Chef, Food Trucks, and Cuban Sandwiches

The sun crossed the equator nine days ago on its way to the Tropic of Capricorn. Summer turning to fall. The days are shorter now – about equal night and day signaling a change in orientation for me. The outdoor pool closed, temperatures cooler, and rain is on its way. For the past three months I’ve spent more time outdoors than in. For the next nine months it will be the other way around. I’m back in my “Surviving Seattle” mode.

That means more plays, more movies, more reading, more museums and galleries, and more concerts. It means fewer bike rides and some long drives in search of powder snow. We’ll still get out for an occasional ride, as we did yesterday when the lower sun angle caught the beginning of the changing colors.  It’s still beautiful but I know it’s fleeting.

Yesterday’s ride had a purpose. On Saturday night M and I went to a $3 movie at the Crest. The Crest is the last stop before a film goes from public release to DVD. This one was Chef, the Jon Favreau story about Carl Casper a high-end chef who quits his job at an upscale LA restaurant rather than defer to the owner (Dustin Hoffman) who wants him to cook tired old classics for a food critic coming to the restaurant that night.


It’s a great romp as Chef Carl falls from grace, learns the downside of a viral Twitter feed, rehabilitates himself and reconnects with his tech-savvy pre-teen son and drop dead beautiful ex-wife (Sofia Vergara). He returns to Miami, the scene of his initial success, as the “nanny” for his son while his ex-wife does business there. The rehabilitation takes an odd turn when he decides to renovate a dilapidated food truck and specialize in Cubanos, those scrumptious Cuban sandwiches.

Renovated and road worthy, Carl, his line cook, Martin, and Carl’s son, Percy, drive El Jefe, the food truck, across the country to LA with stops in New Orleans and Austin TX. Along the way the crowds go crazy for their Cubanos.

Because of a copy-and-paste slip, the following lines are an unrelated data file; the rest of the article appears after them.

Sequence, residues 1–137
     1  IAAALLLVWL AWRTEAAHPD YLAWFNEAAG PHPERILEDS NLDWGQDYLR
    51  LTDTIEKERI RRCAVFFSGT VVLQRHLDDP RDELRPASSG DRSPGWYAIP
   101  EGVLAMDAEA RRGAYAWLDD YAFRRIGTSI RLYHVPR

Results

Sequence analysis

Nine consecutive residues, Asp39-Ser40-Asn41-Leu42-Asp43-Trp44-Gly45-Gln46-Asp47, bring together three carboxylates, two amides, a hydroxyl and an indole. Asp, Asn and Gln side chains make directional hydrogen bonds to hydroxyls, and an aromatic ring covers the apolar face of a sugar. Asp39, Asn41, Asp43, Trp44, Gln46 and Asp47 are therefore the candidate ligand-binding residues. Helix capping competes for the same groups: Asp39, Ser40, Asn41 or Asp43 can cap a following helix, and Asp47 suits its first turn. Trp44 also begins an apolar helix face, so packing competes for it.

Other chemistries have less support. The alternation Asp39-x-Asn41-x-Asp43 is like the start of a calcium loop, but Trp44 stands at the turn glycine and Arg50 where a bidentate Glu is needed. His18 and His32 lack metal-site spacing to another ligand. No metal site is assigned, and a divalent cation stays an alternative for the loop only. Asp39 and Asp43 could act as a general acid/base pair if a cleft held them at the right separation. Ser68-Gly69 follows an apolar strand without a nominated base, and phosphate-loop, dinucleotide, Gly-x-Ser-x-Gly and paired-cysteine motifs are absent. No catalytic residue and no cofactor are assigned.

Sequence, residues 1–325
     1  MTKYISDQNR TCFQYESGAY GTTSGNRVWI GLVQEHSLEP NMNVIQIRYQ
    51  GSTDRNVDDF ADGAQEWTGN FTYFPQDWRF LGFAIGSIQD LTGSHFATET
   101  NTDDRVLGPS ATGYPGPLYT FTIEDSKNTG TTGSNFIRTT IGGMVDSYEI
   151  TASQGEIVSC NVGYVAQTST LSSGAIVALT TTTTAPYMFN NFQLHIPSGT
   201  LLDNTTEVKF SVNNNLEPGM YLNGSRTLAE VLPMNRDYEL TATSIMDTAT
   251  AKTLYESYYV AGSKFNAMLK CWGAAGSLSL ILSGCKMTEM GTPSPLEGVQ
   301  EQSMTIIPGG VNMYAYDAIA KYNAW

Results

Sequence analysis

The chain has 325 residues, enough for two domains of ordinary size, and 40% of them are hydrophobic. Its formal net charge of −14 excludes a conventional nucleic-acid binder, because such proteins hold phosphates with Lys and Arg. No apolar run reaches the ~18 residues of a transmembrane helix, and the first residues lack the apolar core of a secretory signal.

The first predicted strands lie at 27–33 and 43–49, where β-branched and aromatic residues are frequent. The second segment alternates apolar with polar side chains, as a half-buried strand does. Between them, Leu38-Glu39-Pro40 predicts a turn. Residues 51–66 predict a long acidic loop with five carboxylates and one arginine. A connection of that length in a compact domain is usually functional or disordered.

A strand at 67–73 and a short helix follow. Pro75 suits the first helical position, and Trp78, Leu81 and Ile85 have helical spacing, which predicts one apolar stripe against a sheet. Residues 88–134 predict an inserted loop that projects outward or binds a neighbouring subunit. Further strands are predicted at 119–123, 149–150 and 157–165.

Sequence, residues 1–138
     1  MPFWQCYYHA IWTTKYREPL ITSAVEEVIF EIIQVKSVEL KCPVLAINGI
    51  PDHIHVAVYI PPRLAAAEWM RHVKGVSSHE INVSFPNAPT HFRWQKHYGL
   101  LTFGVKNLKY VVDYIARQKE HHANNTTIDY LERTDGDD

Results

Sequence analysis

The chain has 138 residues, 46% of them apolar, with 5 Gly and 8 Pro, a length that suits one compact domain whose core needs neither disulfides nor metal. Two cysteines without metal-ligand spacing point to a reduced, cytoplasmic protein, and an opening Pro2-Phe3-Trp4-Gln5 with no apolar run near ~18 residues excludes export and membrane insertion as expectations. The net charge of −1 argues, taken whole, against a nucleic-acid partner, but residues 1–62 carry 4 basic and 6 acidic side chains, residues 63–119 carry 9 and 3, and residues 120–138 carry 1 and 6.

It’s a rollicking, feel-good road trip. I loved it. The stop in New Orleans was on Frenchmen Street where M and I listened to street music two weeks ago, and the stop in Austin was in front of a club on 6th Street, where I heard bluesman Albert Collins several years ago. When they arrive in LA they set up in small parking lot on Abbot Kinney Blvd in Venice, where we M and I ate Korean food from another food truck a couple years ago. It was a fun trip down memory lane for us.

But, I digress – back to our bike ride… The day after the movie we rode to Woodinville to try a restaurant we had ridden by literally hundreds of times. I always said we should stop for lunch, but when we’re riding it never seems like a good idea to stop for a big meal. This time it was the destination.

The Twisted Cuban Café and Bar in Woodinville is away from the main business district, but not far from “winery row,” that hot strip of wineries that has become hugely popular in recent years. It’s still full of warehouses and storage units, but it has its own charm.

The Twisted is open from 11am to 9pm. On Sunday it was totally empty when we arrived at 3pm. I’m always uncomfortable when a restaurant is empty. It’s not a good sign and I usually turn away, but it was the reason we had come so we went on in.

Twisted CafeThe waiter was a friendly, young guy from the Dominican Republic who was very professional. On his recommendation we opted for the Twisted Cuban Sandwich with sides of yuca fries and garbanzo bean salad instead of the Monster Cuban. I washed mine down with a dark amber draft and M chose lemonade because we were on our bikes. Everything was sensational and we each took half a sandwich home with us.

We will definitely go back. I can’t wait to try the pounded Cuban steak. I haven’t had one since the last time I ate at Lila’s on SW 8th Street in Miami. I doubt that the Twisted will cover its steak with a mountain of shoestring potatoes like Lila does, but man those yuca fries would definitely be an acceptable alternative.

I was so impressed with the Twisted Cuban Café and Bar that I emailed Providence Cicero, the food writer for the Seattle Times. I’ve been complaining to her for a couple of years about the lack of good eats in our part of town and wanted to share this find with her. She wrote back saying that she, like us, had passed Twisted a number of times but never tried it. It’s on her list now.

Bon appetit, Providence…


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